This marked three straight years for Wobbles where he placed top 12 at a national tournament. In the short-lived ELO rankings of 2012, Wobbles actually ranked ahead of Mango as the No. 5 player in the world, likely due to his consistently outstanding national performances and Mango’s penchant for sandbagging.

For most people, this would be satisfactory – but for Wobbles, three years of strong nationals was only the beginning. After an unfortunate Peach-ridden bracket at Apex 2013 garnered him 17th place, Wobbles had one of the best losers bracket runs of all time at Kings of Cali 2, defeating Sung, Westballz, Fly Amanita, PewPewU and Shroomed to get second place to Mango.

As if that wasn’t enough, Wobbles then had one of the greatest cinderella runs in Melee history – one that was initially going to be his last tournament ever.

The Wobbler Era (mid 2013 to now)
Notable players: Chu Dat, Wobbles, Nintendude, dizzkidboogie, Infinite Numbers, ARMY, Drunk Sloth

Wobbles’ run at EVO 2013 may as well transcend time and space. To even conceive of such a tournament from a non-god at the time was ridiculous, considering that Jman was the only person to ever win a tournament with two gods in attendance – no one had ever come close with all five.

Through winners bracket, Wobbles defeated Fiction, Lord, Shroomed and then beat three gods in a row between Mango, Dr. PeePee and Hungrybox to make it to grand finals of easily the most important Melee tournament of all-time. This was the first time an Ice Climbers finished top three at a national tournament featuring four or more attending top five players since Chu Dat in the previous decade. Had Wobbles actually won the tournament, it would have surpassed even Mango at Pound 3 as the biggest underdog run ever.

Though it would be foolish to dismiss Wobbles’ run as a mere account of Mr. Wizard legalizing wobbling again at EVO 2013, it unquestionably played a factor into Wobbles’ success. It also proved that the Ice Climbers had a place in the modern metagame, but weren’t necessarily overpowered with the technique.

Not every tournament was on board with wobbling being legal. Juggleguy, creator of The Big House and one of the Melee community’s biggest tournament organizers, banned it at his tournaments.

However, after a little over a year of community pressure, with tourneys like Apex now legalizing wobbling, along with Ice Climbers still succeeding at his own tournaments without it, Juggleguy caved in. Though he still stood by some of the reasons he held for why he banned wobbling, in a blog post for Melee it On Me, he announced his intention to legalize it for The Big House 5.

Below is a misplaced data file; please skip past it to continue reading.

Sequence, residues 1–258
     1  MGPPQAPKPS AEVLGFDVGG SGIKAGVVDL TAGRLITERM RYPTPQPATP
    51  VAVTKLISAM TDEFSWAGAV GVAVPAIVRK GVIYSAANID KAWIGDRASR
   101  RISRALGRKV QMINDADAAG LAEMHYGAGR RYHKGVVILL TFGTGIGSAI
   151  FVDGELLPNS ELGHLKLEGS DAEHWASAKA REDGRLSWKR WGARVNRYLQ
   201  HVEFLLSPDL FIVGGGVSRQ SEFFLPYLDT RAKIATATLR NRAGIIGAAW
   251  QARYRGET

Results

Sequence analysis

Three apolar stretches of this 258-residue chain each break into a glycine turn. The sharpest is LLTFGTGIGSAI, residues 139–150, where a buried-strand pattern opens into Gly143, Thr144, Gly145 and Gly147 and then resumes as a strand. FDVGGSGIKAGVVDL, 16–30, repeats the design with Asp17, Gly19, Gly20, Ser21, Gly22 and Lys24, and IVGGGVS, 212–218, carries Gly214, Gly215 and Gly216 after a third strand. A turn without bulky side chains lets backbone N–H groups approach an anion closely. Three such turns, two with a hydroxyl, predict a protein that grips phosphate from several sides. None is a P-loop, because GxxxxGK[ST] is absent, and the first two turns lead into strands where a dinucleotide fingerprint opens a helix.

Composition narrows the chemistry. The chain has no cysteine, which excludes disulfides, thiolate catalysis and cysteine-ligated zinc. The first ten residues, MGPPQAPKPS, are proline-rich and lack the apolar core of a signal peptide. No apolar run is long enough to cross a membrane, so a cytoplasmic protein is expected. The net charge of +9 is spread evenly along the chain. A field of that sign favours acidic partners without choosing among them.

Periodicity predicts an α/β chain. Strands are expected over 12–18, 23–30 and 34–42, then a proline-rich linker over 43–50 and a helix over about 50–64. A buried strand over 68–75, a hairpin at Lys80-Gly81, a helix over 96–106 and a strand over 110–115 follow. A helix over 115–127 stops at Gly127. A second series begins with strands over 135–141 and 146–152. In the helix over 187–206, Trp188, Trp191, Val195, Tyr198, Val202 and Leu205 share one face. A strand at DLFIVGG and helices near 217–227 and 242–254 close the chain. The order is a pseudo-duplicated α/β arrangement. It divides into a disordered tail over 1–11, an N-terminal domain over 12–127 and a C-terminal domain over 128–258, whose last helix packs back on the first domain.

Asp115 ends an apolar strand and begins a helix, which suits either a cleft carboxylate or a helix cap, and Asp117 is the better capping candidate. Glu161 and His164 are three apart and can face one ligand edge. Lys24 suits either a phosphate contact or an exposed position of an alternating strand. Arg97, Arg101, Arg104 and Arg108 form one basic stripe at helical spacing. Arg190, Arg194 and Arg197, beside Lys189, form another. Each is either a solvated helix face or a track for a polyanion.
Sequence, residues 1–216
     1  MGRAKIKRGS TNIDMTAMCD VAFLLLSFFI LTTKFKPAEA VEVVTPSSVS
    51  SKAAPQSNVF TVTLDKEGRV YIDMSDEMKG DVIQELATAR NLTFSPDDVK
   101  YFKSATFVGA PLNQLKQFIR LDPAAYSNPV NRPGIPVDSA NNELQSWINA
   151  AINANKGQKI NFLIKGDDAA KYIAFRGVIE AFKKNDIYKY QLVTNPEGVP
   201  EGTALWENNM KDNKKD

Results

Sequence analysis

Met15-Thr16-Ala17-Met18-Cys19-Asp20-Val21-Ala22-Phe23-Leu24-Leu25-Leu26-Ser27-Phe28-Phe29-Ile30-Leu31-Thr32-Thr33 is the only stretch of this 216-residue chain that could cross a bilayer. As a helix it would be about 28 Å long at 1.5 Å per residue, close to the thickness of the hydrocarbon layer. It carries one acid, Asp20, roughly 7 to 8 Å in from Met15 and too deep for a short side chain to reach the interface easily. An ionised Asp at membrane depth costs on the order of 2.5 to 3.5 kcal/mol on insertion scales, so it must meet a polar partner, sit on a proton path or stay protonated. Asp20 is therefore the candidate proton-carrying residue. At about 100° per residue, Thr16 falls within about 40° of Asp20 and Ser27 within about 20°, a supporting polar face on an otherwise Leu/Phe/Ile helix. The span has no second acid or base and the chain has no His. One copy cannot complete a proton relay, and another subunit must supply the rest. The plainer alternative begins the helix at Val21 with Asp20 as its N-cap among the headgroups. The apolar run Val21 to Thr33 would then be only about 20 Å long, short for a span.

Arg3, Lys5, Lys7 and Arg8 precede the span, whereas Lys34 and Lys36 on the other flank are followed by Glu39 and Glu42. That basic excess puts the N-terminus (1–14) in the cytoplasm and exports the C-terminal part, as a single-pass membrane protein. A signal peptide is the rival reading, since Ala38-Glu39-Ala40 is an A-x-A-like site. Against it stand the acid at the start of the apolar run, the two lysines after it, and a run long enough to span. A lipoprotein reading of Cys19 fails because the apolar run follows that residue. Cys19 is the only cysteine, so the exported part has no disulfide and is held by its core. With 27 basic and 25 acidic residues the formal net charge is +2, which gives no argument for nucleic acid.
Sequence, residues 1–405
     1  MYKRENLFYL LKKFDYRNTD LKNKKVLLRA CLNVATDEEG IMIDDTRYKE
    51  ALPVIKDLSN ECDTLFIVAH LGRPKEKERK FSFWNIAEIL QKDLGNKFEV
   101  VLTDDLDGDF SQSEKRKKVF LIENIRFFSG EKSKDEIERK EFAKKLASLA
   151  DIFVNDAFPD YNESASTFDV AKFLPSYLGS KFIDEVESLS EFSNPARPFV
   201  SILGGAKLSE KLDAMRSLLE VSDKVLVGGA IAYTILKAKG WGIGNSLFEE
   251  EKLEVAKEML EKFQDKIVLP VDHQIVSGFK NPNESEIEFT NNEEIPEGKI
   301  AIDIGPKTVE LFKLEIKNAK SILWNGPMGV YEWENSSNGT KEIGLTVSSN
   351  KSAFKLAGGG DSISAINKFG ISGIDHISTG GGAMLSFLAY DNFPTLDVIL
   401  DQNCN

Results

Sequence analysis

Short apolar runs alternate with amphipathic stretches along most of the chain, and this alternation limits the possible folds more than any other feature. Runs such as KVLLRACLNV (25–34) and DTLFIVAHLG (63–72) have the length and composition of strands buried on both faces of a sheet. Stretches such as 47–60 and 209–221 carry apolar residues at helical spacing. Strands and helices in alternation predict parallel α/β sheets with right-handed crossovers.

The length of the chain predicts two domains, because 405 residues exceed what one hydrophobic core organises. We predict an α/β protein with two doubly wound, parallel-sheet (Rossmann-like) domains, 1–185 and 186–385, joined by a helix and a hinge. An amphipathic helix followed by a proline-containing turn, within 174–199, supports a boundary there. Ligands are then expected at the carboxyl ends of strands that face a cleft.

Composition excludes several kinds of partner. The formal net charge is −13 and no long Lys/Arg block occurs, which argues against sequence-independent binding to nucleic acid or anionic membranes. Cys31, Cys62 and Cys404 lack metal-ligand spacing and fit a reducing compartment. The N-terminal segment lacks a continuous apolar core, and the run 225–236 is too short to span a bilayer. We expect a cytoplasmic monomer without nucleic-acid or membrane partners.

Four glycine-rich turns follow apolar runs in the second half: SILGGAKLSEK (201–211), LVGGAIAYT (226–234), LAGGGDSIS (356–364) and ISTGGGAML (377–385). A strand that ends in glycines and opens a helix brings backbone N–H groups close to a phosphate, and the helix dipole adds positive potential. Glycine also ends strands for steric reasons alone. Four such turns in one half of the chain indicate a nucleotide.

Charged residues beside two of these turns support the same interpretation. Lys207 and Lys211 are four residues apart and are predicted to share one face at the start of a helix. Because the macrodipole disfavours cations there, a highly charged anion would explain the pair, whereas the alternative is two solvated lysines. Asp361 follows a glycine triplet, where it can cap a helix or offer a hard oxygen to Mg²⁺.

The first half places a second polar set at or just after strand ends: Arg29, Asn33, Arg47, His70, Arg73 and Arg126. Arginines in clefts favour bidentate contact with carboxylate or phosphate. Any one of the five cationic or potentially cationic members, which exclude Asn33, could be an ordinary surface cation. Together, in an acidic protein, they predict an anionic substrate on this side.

Although this hasn’t stopped the decade-long community debate over wobbling’s legality, Juggleguy’s decision concurred with Mr. Wizard’s from 2013 and effectively set the standard for most majors. As a result, the Ice Climbers have seen a bit of a renaissance, with more top level representatives across the world than ever before.

Along with players like dizzkidboogie and Infinite Numbers, who have risen in recent times with other wobbling prodigies, the character’s greatest player of all-time is back: Chu Dat.

Moreover, he’s at the best he’s ever played, consistently placing top eight, boasting a solo climber better than anyone else in the world, taking games off Armada in tournament, winning three consecutive sets on Mango and generally making 2017 look like 2007. You’d be hard pressed to dismiss Chu’s results as unsustainable or coming from only wobbling, given his long-term legacy.

At one point in his career, Wobbles wrote about why he was reluctant to wobble, even in tournament. You can read the post here, but the gist was that Ice Climber players had a tendency to rely on it too much and struggle in other areas of their game, like tech chasing, DI, etc because they were too one dimensional.

Today, not only are Ice Climbers players more intelligent, balanced and varied in their wobbling setups, but they also have other tools that keep them successful, even if they don’t opt to do it. For example, take Infinite Numbers, whose game against Falco is so strong that he once boasted how he’d never lose to a Falco again. 

It’s hard to say whether Ice Climbers are actually top tier or not. By results, they are inarguably up there, but many argue about how sustainable their success actually can be at the top level. Just as easily as they can exploit a grab infinite, players can still exploit many of the Ice Climbers’ weaknesses, making them an innately high variance characters. Ask Kira and Mew2King about where they’d place them on a tier list and you’d get two wildly different answers.

Whether they’re simply a high-execution test level opponent or a broken gimmick, the Ice Climbers are here to stay – and they deserve a place in top tier history.